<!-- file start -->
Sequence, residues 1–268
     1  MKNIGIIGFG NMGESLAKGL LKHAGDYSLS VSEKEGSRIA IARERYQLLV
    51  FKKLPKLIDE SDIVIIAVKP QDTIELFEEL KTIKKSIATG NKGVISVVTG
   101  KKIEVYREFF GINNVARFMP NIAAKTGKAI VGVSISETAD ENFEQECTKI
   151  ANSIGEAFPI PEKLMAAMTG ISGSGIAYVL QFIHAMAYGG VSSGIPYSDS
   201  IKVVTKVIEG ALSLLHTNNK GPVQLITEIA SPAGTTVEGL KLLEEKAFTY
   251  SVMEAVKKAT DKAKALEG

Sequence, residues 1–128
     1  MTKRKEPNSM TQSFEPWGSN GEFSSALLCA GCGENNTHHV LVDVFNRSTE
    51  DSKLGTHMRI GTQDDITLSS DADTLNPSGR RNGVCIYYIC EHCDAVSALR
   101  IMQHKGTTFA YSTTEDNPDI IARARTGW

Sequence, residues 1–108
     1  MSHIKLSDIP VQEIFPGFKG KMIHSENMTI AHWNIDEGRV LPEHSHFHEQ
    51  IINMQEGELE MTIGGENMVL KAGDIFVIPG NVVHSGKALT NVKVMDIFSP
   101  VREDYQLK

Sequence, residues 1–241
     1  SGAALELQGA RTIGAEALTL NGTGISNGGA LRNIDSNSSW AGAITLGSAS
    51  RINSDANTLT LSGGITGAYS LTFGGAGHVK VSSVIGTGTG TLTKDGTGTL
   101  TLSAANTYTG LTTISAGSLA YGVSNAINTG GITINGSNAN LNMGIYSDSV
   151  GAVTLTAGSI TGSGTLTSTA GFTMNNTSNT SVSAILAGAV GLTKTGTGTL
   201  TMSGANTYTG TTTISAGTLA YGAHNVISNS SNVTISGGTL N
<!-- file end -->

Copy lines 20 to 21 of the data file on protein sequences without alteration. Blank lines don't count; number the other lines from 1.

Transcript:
   151  GAVTLTAGSI TGSGTLTSTA GFTMNNTSNT SVSAILAGAV GLTKTGTGTL
   201  TMSGANTYTG TTTISAGTLA YGAHNVISNS SNVTISGGTL N